We liked and were intrigued by repeated motifs of sickness and disability, starting with Jevick's older brother and the notion that on their island there is a tradition--not one followed by everyone, but there--that people with severe mental disabilities are some species of sacred. There's a sinister echo of this in the Olondrian Avalei cult's reverence for the angel-haunted, which may amount to a refusal to treat a crippling and painful condition for religious reasons. Weakness and injury are major themes, and the angel's tale--maybe the most powerful section of the book--all revolves around a progressive, hereditary, degenerative disease. That line of Jissavet's really shook me: "This life in which I have nothing, only this illness, huge, inscrutable, this illness which has slowly become myself." I don't often find things hard to read for emotional reasons, but Jissavet's story strikes close to home for me.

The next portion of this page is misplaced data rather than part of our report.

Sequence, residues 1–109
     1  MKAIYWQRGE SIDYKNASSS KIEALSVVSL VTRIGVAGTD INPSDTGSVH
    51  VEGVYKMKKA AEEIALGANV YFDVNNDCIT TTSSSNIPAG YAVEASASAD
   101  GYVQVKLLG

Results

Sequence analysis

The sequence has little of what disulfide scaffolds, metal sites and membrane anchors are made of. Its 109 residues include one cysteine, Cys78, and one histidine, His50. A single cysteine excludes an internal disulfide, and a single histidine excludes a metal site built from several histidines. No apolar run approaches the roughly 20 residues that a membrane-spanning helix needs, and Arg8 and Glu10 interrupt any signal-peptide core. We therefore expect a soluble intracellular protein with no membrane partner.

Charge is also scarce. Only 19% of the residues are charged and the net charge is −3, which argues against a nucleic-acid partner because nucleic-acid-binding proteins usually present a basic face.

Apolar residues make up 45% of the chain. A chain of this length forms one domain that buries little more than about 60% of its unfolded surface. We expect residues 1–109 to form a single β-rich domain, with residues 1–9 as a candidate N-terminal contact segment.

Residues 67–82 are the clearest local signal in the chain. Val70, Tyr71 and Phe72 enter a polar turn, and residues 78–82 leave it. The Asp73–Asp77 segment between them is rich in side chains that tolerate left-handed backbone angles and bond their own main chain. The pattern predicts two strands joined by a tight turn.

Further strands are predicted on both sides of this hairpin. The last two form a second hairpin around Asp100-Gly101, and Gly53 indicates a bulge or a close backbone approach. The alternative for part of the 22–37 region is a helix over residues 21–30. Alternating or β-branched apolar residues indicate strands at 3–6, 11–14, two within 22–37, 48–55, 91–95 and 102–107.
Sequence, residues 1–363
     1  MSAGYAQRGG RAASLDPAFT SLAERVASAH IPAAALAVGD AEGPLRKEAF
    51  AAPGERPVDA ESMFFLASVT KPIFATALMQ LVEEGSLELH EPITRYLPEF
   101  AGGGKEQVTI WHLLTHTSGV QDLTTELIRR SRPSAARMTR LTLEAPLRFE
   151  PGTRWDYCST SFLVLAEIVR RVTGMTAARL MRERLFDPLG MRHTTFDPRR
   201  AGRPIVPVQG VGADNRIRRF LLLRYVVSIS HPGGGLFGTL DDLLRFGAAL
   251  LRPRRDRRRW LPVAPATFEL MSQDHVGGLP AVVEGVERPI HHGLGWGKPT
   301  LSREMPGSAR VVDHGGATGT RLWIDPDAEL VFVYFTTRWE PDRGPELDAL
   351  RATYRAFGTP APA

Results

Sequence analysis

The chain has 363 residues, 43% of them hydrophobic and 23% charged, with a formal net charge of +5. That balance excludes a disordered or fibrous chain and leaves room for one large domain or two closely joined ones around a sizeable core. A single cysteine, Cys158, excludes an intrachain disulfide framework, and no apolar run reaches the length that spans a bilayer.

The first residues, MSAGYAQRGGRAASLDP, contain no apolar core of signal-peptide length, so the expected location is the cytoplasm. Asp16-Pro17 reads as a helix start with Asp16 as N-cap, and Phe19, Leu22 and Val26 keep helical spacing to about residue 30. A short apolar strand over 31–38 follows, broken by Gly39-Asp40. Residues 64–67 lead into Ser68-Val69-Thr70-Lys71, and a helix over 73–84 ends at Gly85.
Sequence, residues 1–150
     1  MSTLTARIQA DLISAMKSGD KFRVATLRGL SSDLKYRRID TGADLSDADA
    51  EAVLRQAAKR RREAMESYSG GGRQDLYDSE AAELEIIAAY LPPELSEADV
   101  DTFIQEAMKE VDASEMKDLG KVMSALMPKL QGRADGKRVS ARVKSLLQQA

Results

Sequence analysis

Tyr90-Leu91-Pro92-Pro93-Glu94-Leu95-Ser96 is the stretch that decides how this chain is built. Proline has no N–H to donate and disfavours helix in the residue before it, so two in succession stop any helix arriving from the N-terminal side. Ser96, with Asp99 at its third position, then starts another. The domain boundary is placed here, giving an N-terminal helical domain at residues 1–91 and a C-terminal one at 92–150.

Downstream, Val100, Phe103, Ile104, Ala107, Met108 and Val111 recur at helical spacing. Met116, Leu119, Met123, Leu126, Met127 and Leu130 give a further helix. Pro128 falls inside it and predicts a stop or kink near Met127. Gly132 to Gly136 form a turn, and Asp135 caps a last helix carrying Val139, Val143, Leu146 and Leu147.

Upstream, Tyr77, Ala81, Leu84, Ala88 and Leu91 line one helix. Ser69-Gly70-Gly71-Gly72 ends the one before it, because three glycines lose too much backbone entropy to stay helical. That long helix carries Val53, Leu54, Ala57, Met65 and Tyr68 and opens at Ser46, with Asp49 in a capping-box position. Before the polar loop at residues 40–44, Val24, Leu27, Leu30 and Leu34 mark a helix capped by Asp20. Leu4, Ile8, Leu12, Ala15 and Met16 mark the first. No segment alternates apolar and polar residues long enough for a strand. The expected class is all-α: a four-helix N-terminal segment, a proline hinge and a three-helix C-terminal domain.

Because DEATH. A lot of this book has to do with death in various ways, particularly the ways that reading and writing can connect us to the dead. Avalei, whose followers' reverence for angels brings them to free Jevick from the institution where he has been hospitalized, is the goddess of Love and Death (so emo!). Books and reading are characterized as ways to "commune with the dead"; Jevick's tutor, who teaches him to read and passes on his love of literature,  has "sad, necromantic eyes". Last and largest, the angel Jissavet's relationship with Jevick revolves around writing as a way for her to reclaim her life in some fashion, to ensure that some of her being lives on even though her life ended so early.